Volunteers ferry, house Indian nationals stranded in KLIA2 after border closed

Yiswaree Palansamy
Dinesh (centre) expressed his gratitude to Malaysians who lent a helping hand to the stranded Indian nationals during their hour of need. — Picture by Firdaus Latif

KUALA LUMPUR, March 23 — Several lawyers and volunteers lent a hand to 300 Indian nationals who were starving and stranded at the Kuala Lumpur International Airport 2 (KLIA2) yesterday following the closure of Indian borders due to Covid-19.

Speaking to Malay Mail, lawyer Dinesh Muthal said the volunteers connected several donors to help the crowd, including two gurdwaras in Puchong and Subang, who sent in food and basic needs.

“More than 300 Indian citizens were stranded in KLIA2 airport and were unable to return to their country due to India’s restrictions at the moment, to not allow any international flights into their airports due to the Covid-19 pandemic.

“My friends Umagandhan Krishnan and Poovan Chandrika went to check out the situation first. These Indian citizens made up mostly of women and children were in the airport for almost four days, not knowing their fate and lacking basic necessities.

Other volunteers included lawyers Mehnagha Letchumanan, Low Tze Ken, Thenish Chandra, and social activist Rakvinder Kaur Sadi Singh.

Some of the NGOs which have aided them are Pertubuhan Perpaduan Puratchi Malaysia, Persatuan Kecemasan Sukarelawan Malaysia, Klinik Kiran, Malaysian Telugu Foundation, the Sikh Council.

Hana Welfare Association, Mercy Malaysia and the Rotary Club of Subang also joined in when the plea for help was made, by providing items including hand sanitisers.

Mehnagha also drafted and sent a letter to the Indian government, requesting for them to send a humanitarian flight to fly their citizens back home, and highlighted their dire conditions.

Meanwhile, local entertainment company Malik Streams Corporation Sdn Bhd provided buses to ferry the stranded Indians out of the airport to temporary accommodations.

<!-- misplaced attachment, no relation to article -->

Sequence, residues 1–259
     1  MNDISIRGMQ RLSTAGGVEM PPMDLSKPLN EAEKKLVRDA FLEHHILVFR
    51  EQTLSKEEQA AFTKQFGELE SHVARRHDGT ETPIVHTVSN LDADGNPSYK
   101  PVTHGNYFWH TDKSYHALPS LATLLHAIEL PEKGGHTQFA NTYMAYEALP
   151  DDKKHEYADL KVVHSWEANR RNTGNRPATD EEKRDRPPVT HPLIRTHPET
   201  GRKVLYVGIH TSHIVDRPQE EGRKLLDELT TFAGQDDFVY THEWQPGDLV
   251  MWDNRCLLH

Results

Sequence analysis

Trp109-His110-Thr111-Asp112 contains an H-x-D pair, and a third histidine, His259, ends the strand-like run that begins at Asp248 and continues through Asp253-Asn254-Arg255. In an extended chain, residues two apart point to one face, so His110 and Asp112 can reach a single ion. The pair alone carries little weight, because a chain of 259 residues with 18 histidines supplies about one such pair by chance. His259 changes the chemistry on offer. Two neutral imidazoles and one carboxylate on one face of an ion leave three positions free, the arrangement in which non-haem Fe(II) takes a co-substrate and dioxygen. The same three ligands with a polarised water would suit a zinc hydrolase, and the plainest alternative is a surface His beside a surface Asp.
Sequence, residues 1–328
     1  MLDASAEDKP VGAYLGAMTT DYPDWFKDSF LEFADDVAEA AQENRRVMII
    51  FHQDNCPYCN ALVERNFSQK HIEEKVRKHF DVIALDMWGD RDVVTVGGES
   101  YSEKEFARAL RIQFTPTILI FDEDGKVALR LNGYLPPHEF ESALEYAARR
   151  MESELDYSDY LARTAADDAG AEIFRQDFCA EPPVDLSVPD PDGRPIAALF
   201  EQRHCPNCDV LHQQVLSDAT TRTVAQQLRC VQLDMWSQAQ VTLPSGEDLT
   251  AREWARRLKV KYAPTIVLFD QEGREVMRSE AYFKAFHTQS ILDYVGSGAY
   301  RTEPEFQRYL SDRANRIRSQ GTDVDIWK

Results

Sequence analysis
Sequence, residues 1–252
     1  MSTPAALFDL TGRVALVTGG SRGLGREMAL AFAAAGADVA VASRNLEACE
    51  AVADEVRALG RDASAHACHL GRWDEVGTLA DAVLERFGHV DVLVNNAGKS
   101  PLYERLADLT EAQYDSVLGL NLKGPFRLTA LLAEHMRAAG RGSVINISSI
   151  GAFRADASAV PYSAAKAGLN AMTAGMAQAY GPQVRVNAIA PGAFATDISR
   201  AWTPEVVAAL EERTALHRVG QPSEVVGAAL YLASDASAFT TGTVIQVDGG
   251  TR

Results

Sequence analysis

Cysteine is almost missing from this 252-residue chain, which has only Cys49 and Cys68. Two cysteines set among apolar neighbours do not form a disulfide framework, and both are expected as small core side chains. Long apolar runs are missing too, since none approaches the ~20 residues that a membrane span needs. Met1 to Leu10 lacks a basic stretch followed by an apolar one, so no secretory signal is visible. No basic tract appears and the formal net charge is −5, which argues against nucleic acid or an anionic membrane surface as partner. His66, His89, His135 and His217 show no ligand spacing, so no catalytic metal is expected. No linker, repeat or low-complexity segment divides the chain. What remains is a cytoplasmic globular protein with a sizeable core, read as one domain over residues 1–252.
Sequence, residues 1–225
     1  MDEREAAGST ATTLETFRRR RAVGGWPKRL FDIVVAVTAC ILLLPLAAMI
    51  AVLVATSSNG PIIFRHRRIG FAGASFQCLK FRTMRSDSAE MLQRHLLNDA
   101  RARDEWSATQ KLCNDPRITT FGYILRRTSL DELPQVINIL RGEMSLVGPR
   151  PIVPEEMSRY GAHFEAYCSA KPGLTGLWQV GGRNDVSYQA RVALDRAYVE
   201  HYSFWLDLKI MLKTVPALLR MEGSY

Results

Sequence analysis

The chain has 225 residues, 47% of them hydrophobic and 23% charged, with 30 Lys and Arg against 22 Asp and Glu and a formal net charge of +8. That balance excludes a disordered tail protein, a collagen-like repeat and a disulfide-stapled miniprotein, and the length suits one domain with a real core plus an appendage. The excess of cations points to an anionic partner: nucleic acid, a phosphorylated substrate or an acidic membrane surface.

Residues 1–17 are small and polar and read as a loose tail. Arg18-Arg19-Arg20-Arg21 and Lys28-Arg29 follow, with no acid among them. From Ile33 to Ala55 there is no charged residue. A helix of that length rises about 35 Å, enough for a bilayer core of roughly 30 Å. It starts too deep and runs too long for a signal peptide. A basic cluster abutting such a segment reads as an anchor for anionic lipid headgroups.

“40 of them are staying in Tatt Khalsa Diwan Sabha, 27 more are staying in Puchong Gurdwara, another 20 are at the Telugu Association, five are staying in a hostel and 15 more are at the Indian Embassy building in Lebuh Ampang, which has been made into a makeshift hostel for them.

“The rest are staying with either their families or relatives’ houses in Malaysia and some are staying outside temporarily until they received further news. Some were able to afford hotel stays so they went there,” Dinesh said.

He extended his gratitude to Malaysians who stepped up after the plea for help.

“I am so very proud of everyone. In times of need, we get to witness how true Malaysian hospitality looks like, and show it to the rest of the world,” he added.

Last week, Reuters reported that India suspended the vast majority of visas into the republic in an attempt to prevent the spread of Covid-19.

Citing an order from India’s Health Ministry, the report said that millions of foreign nationals of Indian origin, who were traditionally granted visa-free access, would now also need to apply for one.


 

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